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Making your company more inclusive and welcoming for staff with disabilities benefits both your business and your workforce. By taking the right steps to help these employees thrive, you will be able to take full advantage of their considerable talents.
Modern recruitment is about more than simply looking for the most qualified candidates with the strongest CVs and proven professional credentials. With equality, diversity and inclusion becoming such major talking points within the corporate world, it is now equally important to be looking for talent in traditionally marginalised communities, and cultivate a company culture that provides every employee with an equal chance to succeed.
As part of this movement, more and more companies are waking up to the importance of making their workplaces more welcoming to staff with disabilities in recent years. Not only does this mark a company out as socially responsible, but also provides them with access to a sorely underutilised source of talent.
According to a recent House of Commons parliamentary report, there were 9.58 million people of working age (16 to 64) who reported that they were disabled in January to March 2023, which is 23% of the working-age population. This is an increase of 598,000 from the year before.
This shows there is a real opportunity for businesses to mark themselves out as disability-friendly employers, by working to provide staff with mental and physical disabilities with the right support measures and incentives they need to join. Not only will this allow your organisation to access significant untapped potential within the labour market, but will also help to visibly demonstrate that your commitment to inclusivity is real and substantial.
When considering the steps that should be taken to accommodate staff with disabilities, the first and most important step is to make sure your organisation is fulfilling all the necessary legal requirements.
If an employee has a physical or mental impairment that has a substantial and long-term effect on their ability to do normal daily activities, the Equality Act 2010 states that you have a responsibility to make reasonable adjustments to support them in doing their jobs and progressing in work - many of which can be done at little or no cost.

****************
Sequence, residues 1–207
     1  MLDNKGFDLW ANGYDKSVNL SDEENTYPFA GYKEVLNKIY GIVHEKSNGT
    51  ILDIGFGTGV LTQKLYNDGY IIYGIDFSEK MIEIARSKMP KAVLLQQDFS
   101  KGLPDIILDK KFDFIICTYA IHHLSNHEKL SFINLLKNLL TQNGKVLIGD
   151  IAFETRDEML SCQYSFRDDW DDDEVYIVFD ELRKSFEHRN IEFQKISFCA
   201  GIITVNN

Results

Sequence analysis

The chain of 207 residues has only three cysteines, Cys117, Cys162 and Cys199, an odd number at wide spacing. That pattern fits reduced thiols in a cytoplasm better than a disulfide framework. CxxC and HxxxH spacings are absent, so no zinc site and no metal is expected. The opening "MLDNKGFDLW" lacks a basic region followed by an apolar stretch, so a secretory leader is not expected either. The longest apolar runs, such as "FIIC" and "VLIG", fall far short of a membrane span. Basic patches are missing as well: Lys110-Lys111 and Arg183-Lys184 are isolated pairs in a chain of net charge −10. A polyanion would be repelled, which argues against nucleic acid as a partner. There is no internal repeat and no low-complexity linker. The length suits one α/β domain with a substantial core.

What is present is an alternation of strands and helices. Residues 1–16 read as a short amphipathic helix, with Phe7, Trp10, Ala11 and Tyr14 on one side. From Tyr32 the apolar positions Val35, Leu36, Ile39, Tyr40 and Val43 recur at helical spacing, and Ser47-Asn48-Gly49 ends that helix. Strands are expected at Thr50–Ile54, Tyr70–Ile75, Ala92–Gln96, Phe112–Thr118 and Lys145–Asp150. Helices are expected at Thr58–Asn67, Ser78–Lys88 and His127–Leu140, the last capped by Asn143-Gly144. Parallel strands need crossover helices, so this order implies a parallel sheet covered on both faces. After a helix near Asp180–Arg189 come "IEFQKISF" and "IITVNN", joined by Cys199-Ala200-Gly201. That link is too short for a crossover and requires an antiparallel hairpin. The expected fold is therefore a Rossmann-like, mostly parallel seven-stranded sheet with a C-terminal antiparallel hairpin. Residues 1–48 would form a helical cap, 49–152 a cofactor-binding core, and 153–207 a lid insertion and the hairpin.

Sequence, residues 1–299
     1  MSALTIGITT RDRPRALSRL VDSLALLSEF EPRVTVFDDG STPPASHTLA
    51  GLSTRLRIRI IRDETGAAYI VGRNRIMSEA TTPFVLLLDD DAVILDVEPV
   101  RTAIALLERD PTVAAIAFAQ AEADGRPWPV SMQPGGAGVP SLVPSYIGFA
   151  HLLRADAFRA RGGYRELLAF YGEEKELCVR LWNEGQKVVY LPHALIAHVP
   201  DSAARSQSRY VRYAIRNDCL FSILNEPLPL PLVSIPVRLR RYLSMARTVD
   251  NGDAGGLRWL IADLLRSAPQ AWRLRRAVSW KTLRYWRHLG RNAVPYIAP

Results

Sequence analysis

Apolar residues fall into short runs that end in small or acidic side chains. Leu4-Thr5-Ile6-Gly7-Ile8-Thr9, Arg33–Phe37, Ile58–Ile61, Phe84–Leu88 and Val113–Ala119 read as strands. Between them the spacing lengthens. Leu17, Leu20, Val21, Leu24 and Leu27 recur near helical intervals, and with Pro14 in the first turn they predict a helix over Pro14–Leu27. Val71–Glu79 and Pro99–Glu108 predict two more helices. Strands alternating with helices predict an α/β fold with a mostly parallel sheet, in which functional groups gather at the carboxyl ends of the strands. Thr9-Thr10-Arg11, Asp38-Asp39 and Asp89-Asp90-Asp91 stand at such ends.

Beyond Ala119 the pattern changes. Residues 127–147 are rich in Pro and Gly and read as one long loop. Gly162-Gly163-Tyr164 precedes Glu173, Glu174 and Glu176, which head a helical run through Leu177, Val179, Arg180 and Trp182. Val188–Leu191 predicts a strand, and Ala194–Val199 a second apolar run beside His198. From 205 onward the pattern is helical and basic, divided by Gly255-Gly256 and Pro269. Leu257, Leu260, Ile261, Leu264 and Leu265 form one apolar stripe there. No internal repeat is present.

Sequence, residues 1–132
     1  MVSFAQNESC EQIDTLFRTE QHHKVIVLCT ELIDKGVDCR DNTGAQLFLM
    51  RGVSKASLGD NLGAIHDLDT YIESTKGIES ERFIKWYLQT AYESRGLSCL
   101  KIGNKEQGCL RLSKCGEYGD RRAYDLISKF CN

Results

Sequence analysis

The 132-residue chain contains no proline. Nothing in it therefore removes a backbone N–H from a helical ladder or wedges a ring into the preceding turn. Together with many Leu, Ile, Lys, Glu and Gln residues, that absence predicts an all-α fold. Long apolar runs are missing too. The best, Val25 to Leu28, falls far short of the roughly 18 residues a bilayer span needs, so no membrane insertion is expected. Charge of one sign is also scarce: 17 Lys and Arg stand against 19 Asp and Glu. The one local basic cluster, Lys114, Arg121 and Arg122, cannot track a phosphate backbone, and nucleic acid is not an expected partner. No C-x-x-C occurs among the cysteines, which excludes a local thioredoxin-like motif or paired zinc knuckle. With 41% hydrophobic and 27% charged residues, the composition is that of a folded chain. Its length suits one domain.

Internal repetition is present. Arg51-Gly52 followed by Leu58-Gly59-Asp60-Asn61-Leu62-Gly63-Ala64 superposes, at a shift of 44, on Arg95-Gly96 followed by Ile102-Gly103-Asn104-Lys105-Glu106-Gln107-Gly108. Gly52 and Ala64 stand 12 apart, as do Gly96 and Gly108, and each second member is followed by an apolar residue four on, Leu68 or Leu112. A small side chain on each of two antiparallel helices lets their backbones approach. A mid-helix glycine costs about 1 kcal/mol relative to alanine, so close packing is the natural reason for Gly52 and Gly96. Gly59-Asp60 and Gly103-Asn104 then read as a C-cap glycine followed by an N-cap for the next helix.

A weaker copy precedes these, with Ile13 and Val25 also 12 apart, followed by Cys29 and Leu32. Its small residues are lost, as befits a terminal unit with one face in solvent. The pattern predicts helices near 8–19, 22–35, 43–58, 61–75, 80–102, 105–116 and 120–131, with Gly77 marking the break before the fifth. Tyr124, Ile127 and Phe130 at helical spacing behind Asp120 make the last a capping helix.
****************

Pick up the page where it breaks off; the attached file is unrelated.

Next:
Here are some of the most common examples of reasonable adjustments you may need to make:
Additionally, your business may wish to take advantage of the Access to Work scheme - a government grant programme that provides disabled professionals with resources to cover the cost of practical aids for the workplace or for home working. These grants can be used to cover a variety of different support measures, including:
This scheme also includes a Mental Health Support Service, offering advice and guidance for employers to help them understand and offer better support for mental health issues, as well as providing eligible workers with a formal assessment to find out their needs and develop a support plan in conjunction with employers.
For an employer to stand out as offering a truly welcoming environment for staff with disabilities, they must go beyond the basic requirements and find ways to show they are making active efforts to make disabled employees and candidates feel valued and sought after.
Here are examples of some of the most impactful steps a business can take to achieve this:
Make your recruitment process as accessible as possible
Paying attention to accessibility throughout your recruitment processes is the best way of making sure you are gaining access to the widest possible pool of talent when hiring. Taking potential disabilities into account when designing your job adverts and interview processes should be a key part of this.
This means using a font for your adverts that is large and easy to read, or at least making it available in a variety of formats. It also means avoiding potentially exclusionary language, making it clear that applications are welcomed from all sections of the community, and proactively stating that you are willing to make adjustments and allowances for disabilities.
At the interview stage, you should make sure to find out whether they need any reasonable adjustments during the process, such as a change to the lighting or room layout, or switching to a remote interview. However, at the same time, you must remember that you are not permitted to ask too much about a candidate’s health status, other than to ascertain whether they can carry out the role or if they need extra support.
The aim is not to provide special treatment, or single anyone out; instead, the focus should be on taking the steps needed to provide everyone with an equal opportunity to succeed.
Join the Disability Confident employer scheme
Joining the government’s Disability Confident employer scheme is another way of quickly demonstrating your organisation’s welcoming approach to people with disabilities. This programme encourages companies to challenge attitudes towards disability, while removing barriers that prevent people with long-term health conditions from reaching their potential.
There are three levels to the Disability Confident employer initiative, each demonstrating a higher level of excellence on various key metrics of inclusion. These include being able to demonstrate that your company is actively advertising vacancies to people with disabilities, making adjustments for employees and offering interviews to people with health conditions.
Qualifying for this status allows your company to display a badge that will be taken as a recognised sign of your high standards in this area.
Show your recognition of ‘invisible’ disabilities